Robert Buck’s canvas “At the end of the day…” (Holding area, U.S. Customs and Border Protection Nogales Placement Center, Nogales, AZ, June 18, 2014) insinuates questions about the nature of beauty and globalization—of civilization and its current discontents—by evoking luxury goods, fashion and décor. The “At the end of the day…” series of paintings formally rely on the grid, its contemporary associations, such as Photoshop and GPS satellites, in order to disrupt it. The question was how to handle the death drive, the compulsion to repeat, as it operates today in hypermodernity. The paintings rekindle recent headline-news events, inexplicable, yet no longer uncommon, random acts of violence or maleficence. A single image of what happened, or its aftermath — in this case immigrant children detained at a border patrol station in Arizona — salvaged from scores of images available on the Internet, is cropped, inverted, multiplied, and digitally printed on canvas. Disrupting the digitally generated mosaic is a silkscreened image of an organically occurring pattern in nature, one with a subliminal link to the event. Bisecting the repeating pattern of sand- colored images in “At the end of the day…” (Holding area, U.S. Customs and Border Protection Nogales Placement Center, Nogales, AZ, June 18, 2014) is a large contrasting snakeskin print. Given this incessant backdrop, it’s not easy to know what’s “natural” and what’s not.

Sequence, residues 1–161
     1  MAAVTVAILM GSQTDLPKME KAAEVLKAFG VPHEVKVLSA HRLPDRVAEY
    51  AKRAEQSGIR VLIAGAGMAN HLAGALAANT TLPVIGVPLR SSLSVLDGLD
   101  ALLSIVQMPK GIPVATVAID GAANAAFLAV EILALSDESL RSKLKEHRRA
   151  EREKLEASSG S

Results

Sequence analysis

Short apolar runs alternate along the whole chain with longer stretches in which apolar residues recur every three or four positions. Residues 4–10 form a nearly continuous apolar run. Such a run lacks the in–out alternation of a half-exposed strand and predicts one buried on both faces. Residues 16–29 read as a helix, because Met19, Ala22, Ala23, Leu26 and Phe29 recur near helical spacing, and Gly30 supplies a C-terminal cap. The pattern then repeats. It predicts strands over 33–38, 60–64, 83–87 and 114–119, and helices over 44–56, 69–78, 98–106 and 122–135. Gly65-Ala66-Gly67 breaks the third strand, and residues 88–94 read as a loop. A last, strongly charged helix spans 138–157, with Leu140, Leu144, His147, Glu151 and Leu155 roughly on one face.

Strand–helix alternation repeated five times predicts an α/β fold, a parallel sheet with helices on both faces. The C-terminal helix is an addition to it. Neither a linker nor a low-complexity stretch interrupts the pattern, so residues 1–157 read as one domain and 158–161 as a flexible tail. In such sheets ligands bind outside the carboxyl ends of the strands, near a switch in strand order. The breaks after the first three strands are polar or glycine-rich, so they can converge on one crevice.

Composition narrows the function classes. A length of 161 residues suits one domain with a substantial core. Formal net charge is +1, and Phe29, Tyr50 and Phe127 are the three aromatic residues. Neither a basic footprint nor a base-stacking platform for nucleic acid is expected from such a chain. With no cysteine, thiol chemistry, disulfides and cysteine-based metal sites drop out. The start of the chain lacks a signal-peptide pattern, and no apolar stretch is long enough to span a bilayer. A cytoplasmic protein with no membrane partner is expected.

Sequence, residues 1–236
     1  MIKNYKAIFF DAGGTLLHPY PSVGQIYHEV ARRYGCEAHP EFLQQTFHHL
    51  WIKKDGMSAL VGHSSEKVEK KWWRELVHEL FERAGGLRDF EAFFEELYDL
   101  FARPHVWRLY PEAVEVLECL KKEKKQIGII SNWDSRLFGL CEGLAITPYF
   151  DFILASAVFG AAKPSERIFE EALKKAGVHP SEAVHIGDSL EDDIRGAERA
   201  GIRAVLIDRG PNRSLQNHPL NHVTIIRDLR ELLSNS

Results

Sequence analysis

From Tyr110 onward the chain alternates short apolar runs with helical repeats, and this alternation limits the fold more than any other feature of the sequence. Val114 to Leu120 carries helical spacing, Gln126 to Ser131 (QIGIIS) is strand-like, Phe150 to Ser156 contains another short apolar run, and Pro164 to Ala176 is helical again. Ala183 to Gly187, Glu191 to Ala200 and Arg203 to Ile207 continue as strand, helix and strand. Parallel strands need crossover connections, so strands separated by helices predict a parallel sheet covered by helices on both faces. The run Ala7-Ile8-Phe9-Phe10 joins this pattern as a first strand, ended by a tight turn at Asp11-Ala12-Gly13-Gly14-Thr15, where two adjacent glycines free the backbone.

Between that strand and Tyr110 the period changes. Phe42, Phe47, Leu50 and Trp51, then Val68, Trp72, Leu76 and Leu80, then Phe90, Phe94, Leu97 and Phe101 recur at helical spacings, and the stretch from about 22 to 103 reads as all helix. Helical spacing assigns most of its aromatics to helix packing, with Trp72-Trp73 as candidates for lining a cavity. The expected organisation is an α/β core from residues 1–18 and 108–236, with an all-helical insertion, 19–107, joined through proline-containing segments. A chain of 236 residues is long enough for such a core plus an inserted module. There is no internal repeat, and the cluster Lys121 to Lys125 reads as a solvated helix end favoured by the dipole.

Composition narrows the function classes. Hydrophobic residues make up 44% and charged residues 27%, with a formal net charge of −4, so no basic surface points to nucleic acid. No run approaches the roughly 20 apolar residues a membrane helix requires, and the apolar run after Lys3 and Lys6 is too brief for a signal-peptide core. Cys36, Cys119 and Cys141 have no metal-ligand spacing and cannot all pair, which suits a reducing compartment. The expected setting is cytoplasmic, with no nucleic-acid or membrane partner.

Making their debut in Strange Attractor, Haroon Mirza’s Cosmos (2016) and Supernova (2016) were created through a process of placing live peyote (Lophophora williamsii) on blank PCBs (material usually used to make circuit boards) and running electrical current through them. The alkaloid rich juices of the plant oxidized on the copper, leaving an etched print. Peyote and other entheogens’ meditative, medical, and spiritual effects have in recent years been held responsible for the esoteric knowledge of ancient civilizations such as the Aztecs and Mayans. Graphically the prints resemble cosmological clusters not too dissimilar to the kind of visions these plants produce in humans, if consumed.